Editor's Choice

An Analysis of Barron’s 10 Stocks for 2013- Part I

Justin is a member of The Motley Fool Blog Network -- entries represent the personal opinion of the blogger and are not formally edited.

Barron’s is out with their 10 favorite stocks for 2013.  I highlighted their performance in 2012 and they did a good job with market-beating success.  These lists always elicit plenty of emotions from investors of all varieties, but it helps to put a little context into the picks.  First, I believe Barron’s tilts toward the large-cap space and seeks a group beta roughly in-line with the S&P 500.  They also diversify across several sectors in their picks, so don’t expect 5 financial stocks or a plethora of technology picks.  I will breakdown their recommendations in two parts to limit the size of the reading.  Today I will evaluate the first five recommendations and surprisingly I don’t hate any of them.  Still, let’s dive into the details and see where investors should position themselves for 2013.

Barron’s first pick is classic buy the dip fundamental analysis.  They favor Apple (NASDAQ: AAPL), whose shares have traded down more than 20% in recent months.  Barron’s cites the valuation as the basis for the recommendation and clearly the shares are cheap.  In fact, the shares are exceptionally cheap with a price-to-earnings ratio of 12x, a free cash flow yield of 11%, and still robust growth opportunities in coming years.  Amazingly, the company has been able to grow returns on invested capital from an exceptionally high base (below)

 

So we all love Apple, right?  While I do agree the stock is cheap, I do think there are concerns that cannot just be glossed over.  Lower margins seem inevitable with competitors such as Samsung making greater inroads and telecom carriers starting to yield some of their power as well.  The company has had two consecutive bad quarters which cannot be ignored.  It seems like everyone on Wall Street covers the company and generally this “attention” makes it harder to outperform.  What else makes it less likely for the stock to surge from here?  The fact that Apple, at half a trillion dollars, is already the largest in the world based on market capitalization.  This is more than twice that of Google- the third largest.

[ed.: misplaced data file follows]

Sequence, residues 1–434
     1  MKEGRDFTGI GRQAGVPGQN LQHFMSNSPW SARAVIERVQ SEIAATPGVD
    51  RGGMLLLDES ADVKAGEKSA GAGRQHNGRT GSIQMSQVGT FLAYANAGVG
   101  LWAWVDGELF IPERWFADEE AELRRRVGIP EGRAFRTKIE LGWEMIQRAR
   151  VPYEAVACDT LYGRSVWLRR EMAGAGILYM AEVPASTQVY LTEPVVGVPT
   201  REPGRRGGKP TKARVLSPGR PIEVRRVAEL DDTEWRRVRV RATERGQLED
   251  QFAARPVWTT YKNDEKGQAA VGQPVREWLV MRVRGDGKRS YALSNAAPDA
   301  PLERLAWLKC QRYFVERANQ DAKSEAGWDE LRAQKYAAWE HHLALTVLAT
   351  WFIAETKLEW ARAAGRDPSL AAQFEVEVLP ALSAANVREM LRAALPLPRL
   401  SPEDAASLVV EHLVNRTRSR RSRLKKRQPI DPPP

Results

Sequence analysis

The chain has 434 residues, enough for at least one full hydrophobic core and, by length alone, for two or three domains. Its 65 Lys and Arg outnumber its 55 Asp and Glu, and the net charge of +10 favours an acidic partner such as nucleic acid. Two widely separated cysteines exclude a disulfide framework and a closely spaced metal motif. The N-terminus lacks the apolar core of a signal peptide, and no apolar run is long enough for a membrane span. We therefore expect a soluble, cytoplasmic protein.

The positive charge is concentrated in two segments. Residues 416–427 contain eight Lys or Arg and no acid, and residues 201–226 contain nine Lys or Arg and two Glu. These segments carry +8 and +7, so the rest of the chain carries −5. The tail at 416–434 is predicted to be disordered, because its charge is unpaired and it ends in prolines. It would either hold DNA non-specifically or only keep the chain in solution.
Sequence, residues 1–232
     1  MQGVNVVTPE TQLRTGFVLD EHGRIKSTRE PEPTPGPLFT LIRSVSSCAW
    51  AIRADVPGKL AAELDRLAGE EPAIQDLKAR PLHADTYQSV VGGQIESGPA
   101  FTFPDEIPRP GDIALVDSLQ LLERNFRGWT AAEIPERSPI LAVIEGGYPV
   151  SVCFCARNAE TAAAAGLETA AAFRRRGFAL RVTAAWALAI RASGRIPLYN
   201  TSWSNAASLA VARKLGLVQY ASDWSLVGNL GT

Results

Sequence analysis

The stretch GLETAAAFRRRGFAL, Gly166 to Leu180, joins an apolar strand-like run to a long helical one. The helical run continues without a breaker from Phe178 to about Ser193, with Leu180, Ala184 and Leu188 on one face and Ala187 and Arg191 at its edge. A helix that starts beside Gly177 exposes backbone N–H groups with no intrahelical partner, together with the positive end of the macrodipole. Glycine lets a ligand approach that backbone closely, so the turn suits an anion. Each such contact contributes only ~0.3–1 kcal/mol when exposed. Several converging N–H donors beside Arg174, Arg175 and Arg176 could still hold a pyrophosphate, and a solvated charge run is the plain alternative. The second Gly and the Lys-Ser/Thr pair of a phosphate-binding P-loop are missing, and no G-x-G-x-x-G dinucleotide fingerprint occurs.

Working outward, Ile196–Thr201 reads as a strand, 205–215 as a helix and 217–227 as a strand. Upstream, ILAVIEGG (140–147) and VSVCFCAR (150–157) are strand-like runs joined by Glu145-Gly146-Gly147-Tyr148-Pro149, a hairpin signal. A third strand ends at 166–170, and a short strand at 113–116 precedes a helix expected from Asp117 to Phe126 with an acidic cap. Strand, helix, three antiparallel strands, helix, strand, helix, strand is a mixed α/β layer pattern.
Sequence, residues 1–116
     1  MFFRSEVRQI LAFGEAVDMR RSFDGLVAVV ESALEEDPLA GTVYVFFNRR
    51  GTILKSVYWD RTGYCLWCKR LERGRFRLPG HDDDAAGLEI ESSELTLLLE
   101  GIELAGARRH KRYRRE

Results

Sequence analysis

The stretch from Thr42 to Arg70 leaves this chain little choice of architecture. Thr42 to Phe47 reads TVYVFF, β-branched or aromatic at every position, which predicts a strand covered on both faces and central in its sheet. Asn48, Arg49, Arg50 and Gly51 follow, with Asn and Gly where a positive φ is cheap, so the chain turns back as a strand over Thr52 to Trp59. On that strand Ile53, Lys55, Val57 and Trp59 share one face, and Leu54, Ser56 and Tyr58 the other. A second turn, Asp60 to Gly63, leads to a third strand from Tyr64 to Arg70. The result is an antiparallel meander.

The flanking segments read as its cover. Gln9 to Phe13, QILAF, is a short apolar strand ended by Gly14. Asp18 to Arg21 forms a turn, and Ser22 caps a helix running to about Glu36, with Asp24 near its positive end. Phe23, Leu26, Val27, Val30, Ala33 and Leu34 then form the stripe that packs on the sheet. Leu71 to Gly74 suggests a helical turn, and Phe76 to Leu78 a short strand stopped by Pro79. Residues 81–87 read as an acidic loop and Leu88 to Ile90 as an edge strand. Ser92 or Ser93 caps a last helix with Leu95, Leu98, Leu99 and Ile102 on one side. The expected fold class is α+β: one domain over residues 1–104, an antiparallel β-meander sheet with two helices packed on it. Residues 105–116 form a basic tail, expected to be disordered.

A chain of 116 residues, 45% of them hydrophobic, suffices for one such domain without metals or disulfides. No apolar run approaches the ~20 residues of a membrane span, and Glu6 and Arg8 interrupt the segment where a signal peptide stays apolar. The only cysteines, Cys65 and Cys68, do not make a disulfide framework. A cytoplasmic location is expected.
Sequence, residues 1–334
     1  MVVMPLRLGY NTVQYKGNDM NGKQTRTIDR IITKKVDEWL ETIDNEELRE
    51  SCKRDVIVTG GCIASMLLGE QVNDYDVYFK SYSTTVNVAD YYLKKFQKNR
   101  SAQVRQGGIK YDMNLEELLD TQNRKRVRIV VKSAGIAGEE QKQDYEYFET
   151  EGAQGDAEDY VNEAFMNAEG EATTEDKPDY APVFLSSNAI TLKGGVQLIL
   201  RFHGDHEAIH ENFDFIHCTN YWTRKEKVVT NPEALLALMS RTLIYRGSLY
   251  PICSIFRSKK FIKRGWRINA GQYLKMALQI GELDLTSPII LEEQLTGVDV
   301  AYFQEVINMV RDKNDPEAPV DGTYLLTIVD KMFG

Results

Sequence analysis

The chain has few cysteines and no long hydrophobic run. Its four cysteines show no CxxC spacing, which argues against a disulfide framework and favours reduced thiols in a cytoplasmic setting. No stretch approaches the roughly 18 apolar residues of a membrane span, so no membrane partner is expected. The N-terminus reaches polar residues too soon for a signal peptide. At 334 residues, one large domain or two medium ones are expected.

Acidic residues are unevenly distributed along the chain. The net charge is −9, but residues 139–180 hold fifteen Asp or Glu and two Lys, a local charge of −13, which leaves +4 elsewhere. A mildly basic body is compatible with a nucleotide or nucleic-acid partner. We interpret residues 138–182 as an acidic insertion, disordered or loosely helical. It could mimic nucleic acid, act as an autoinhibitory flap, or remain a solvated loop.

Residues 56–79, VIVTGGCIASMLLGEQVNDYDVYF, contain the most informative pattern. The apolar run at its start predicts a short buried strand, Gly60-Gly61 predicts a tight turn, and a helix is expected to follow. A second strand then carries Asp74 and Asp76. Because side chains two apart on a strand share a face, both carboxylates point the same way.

I will agree with Barron’s on this call, but I think most of the upside in the name comes in the second half of the year.  While I do think outperformance will accompany the shares in 2013, I don’t expect any of the explosive moves that the shares have enjoyed on several instances in the last four years. 

Barron’s second recommendation is Blackrock (NYSE: BLK).  They base their recommendation on a modest price-to-earnings ratio, favorable 3% dividend yield, and a dominating iShares brand.  I agree with this line of thinking and would add that I favor a double-digit return in the U.S. equity market that should start to transition assets away from fixed income and toward equity ETF products that fall under the iShares banner.  While Blackrock does good business in the fixed income arena, their equity offering is more than twice the size of their fixed income business.  Household financial assets are currently 35% equities and 20% bonds.  During the worst of the crisis it was 25% stocks and 22% bonds, so the trend is improving in favor of equities.  Contrast this with 2000 when it was 50% stocks and 13% bonds.  Suffice it to say, there is plenty of opportunities for Blackrock’s guidance of 5% to 6% organic growth to prove conservative if equities continue to inch toward the previous peak at 50% of household financial assets.

Barron’s only small-cap pick is Barnes & Noble.  I do think small-caps will outperform in 2013 and I applaud Barron’s for making somewhat of a bold call here.  The stock has been washed out and may have big upside if things go the company’s way in 2013.  However, I just don’t see it from my perspective.  The company is losing money on a consistent basis and visibility remains cloudy.